84 So.2d 317 (1955)

John Cecil REDDITT, Appellant, v. STATE of Florida, Appellee.

Supreme Court of Florida. Special Division A.

On Rehearing December 14, 1955.

Attorney(s) appearing for the Case

Sam E. Murrell, Sam E. Murrell, Jr., and Robert G. Murrell, Orlando, for appellant.

Richard W. Ervin, Atty. Gen., and Bart L. Cohen, Asst. Atty. Gen., for appellee.



On Rehearing Granted

BARNS, Justice.

In the review by appeal we are confronted with the issues of law as raised by the assignment of errors and argued in appellant's brief. In this case there are 104 assignments of error, and none are quoted in appellant's brief. Appellant's first question is stated to be upon the third assignment of error, but a reference to the designated assignment shows that the argument is not addressed to that assignment. We now find the argument to be within the scope of the first assignment which we discover may be found on page 558 of the record.

The remainder of the brief is addressed to other matters which are not shown to be within or without an assignment of error, but it appears from the points argued that it may be supported in point of fact by the record and may relate to some of the assignments. We believe that it would be more satisfactory if counsel for appellant would withdraw his brief and file another in conformity with the principles hereinafter stated. Counsel for appellant is allowed 30 days to file a substituted brief and appellee is allowed 30 days after service of a copy thereof in which to file its brief. The case will proceed without further oral argument.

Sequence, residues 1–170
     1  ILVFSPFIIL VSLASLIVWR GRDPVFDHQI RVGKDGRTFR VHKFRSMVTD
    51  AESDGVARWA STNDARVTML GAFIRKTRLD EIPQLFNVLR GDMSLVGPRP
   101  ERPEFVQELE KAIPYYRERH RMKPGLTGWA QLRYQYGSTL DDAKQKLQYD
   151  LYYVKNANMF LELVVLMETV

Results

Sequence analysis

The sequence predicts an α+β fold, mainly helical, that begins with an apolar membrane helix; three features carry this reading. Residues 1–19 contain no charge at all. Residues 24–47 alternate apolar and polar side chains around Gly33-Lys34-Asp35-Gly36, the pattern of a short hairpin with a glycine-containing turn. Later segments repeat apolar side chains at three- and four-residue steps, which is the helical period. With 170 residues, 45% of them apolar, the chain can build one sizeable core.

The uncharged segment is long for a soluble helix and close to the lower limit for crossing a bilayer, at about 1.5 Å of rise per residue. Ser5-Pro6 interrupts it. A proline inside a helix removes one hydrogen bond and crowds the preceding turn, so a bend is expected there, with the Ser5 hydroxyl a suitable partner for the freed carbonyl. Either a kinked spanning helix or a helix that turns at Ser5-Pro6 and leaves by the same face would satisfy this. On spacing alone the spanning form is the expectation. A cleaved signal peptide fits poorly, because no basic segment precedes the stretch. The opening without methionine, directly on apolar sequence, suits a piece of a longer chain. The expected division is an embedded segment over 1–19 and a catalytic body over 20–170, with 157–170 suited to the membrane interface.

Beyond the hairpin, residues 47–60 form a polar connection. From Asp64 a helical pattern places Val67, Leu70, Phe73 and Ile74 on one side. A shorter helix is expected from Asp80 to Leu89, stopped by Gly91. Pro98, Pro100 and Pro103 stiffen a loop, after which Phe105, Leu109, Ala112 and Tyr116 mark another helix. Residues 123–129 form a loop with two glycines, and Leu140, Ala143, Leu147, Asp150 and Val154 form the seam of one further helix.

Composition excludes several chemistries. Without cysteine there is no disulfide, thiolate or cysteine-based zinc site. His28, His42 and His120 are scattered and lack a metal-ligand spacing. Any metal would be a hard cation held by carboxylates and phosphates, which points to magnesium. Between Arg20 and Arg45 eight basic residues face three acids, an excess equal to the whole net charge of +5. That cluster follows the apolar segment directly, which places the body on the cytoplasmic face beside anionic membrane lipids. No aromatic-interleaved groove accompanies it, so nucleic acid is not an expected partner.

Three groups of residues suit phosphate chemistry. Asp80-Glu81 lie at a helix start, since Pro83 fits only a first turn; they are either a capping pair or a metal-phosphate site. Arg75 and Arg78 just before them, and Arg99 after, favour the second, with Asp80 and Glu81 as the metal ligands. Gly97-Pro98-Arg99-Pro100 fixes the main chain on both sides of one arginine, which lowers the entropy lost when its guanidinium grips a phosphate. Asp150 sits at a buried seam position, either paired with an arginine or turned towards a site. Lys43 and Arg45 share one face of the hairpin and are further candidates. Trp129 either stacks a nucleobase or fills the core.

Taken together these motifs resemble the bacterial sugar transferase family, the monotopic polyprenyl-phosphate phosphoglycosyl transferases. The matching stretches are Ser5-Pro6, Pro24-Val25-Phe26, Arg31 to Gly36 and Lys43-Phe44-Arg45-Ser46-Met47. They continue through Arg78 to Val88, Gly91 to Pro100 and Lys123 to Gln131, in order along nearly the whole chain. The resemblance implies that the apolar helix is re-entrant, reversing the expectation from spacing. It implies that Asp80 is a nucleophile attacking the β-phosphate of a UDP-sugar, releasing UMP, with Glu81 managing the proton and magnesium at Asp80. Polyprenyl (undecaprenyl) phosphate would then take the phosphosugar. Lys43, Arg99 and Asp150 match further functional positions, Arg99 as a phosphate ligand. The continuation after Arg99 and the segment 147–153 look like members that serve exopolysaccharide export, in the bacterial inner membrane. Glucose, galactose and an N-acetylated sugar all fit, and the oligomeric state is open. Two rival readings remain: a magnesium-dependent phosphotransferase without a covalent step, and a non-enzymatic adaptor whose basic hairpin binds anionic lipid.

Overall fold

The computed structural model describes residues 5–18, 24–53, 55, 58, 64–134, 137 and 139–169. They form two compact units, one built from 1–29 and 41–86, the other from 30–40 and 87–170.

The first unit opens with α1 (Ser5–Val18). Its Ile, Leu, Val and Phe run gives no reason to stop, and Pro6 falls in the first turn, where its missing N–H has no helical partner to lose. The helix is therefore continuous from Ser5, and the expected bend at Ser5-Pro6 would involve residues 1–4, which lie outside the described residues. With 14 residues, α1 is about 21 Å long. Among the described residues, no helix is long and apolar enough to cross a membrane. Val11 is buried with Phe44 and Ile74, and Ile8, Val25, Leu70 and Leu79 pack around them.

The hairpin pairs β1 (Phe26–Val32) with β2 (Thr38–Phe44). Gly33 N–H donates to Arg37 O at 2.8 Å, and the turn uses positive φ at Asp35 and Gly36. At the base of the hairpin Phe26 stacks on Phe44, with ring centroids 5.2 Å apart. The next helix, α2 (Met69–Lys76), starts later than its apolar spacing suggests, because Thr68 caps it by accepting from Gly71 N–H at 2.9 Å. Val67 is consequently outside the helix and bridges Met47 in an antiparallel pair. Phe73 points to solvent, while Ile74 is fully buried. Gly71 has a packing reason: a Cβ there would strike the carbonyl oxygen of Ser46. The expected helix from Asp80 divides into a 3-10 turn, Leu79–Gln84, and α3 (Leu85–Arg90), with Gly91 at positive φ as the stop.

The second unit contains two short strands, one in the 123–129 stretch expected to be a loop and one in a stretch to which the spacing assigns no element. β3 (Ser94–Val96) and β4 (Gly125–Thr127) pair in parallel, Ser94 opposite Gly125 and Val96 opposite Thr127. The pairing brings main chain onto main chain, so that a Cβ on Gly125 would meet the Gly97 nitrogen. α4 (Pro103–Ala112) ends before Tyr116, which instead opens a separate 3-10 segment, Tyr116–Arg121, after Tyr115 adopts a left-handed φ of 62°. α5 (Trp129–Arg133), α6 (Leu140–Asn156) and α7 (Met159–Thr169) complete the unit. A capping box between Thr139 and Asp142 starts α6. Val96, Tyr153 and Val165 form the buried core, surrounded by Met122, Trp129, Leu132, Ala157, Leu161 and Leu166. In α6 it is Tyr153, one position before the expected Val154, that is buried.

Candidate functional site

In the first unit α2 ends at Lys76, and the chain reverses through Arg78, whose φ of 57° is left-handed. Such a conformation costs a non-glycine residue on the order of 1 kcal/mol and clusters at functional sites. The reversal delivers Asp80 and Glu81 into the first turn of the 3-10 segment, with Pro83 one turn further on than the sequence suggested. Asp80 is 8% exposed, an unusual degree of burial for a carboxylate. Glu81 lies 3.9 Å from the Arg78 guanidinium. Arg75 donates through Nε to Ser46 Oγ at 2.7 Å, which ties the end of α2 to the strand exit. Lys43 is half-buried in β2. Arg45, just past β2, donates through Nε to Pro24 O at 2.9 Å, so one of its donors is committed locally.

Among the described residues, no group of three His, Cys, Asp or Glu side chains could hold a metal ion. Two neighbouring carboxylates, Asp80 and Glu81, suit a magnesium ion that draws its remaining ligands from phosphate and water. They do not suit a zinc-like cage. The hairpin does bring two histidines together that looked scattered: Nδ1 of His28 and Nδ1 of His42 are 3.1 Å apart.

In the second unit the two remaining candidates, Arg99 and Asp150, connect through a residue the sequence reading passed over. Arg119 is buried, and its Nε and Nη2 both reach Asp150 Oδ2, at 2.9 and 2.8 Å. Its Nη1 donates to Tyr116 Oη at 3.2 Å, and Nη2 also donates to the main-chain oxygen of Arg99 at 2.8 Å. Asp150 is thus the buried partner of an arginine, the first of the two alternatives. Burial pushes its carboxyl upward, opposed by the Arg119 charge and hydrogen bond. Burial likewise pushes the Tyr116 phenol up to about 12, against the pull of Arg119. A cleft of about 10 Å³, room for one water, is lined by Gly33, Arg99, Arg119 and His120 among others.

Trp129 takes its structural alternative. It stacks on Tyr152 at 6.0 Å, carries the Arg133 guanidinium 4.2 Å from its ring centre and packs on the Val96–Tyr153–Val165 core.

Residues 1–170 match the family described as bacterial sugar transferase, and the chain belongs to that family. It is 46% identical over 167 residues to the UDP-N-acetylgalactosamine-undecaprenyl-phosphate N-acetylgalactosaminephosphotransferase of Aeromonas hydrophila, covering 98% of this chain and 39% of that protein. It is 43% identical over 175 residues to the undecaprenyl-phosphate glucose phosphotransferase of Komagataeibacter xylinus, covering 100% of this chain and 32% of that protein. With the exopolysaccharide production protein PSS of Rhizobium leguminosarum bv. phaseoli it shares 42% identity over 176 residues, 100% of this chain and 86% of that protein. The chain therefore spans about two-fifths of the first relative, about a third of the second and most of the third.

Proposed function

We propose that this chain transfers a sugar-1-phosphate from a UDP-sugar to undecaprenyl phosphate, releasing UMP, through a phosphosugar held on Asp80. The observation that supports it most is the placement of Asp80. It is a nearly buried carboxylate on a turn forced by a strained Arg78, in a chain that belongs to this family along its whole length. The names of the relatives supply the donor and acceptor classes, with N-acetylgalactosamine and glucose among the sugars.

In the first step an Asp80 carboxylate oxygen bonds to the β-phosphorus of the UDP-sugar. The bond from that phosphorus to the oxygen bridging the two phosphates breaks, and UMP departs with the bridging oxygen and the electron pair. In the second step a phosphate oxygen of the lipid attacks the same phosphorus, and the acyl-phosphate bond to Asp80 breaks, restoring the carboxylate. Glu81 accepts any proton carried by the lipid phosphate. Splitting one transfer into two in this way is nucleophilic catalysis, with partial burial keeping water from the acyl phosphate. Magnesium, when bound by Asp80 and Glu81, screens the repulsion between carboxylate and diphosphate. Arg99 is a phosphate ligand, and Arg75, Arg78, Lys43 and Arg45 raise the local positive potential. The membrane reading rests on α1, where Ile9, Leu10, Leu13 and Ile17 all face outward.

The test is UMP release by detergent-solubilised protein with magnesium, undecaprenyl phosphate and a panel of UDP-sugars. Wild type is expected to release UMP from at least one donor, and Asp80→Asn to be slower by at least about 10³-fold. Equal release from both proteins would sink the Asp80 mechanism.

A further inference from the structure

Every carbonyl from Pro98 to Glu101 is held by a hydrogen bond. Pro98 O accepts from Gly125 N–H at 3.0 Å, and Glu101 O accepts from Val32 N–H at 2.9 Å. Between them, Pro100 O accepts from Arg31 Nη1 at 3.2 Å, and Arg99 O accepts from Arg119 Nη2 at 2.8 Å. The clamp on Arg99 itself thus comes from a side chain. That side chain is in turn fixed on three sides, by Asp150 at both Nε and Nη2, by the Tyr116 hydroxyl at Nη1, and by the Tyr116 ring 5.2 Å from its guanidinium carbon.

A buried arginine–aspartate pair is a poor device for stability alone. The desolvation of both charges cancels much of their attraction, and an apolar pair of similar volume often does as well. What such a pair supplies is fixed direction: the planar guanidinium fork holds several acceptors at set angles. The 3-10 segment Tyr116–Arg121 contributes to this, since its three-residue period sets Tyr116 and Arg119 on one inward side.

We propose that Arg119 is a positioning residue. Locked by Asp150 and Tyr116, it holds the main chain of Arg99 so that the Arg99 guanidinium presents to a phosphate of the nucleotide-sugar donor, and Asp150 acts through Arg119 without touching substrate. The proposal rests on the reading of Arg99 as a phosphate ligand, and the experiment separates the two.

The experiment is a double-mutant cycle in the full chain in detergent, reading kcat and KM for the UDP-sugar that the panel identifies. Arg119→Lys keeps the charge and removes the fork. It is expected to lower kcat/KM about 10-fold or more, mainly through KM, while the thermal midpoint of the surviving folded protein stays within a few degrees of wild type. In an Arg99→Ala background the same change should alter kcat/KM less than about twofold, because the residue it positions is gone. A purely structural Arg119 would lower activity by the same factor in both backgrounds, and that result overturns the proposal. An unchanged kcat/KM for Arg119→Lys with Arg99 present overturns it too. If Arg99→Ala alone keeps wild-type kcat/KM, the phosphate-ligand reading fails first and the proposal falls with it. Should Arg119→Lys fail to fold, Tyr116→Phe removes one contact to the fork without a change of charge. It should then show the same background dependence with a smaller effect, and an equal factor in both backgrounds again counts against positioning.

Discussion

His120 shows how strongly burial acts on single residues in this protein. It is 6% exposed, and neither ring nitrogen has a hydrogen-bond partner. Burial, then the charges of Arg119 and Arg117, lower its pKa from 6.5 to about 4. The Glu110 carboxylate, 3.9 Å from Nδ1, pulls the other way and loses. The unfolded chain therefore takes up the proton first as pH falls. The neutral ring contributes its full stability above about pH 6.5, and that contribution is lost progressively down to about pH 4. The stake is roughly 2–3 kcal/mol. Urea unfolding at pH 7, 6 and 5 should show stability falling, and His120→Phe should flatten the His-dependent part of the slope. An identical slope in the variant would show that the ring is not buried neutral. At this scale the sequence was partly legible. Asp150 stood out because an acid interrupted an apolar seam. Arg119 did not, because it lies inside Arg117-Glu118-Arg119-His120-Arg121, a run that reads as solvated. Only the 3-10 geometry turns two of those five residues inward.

Assignment by Error

Necessity of. After the entry of an appeal, the assignments of error are indispensable at all stages, and the life of the appeal is dependent upon the assignment being true in fact as to some specified judicial act; and also dependent upon the specified judicial act being erroneous in point of law, and harmfully so. Furthermore, the assignment of error must be supported in point of fact by the record on appeal.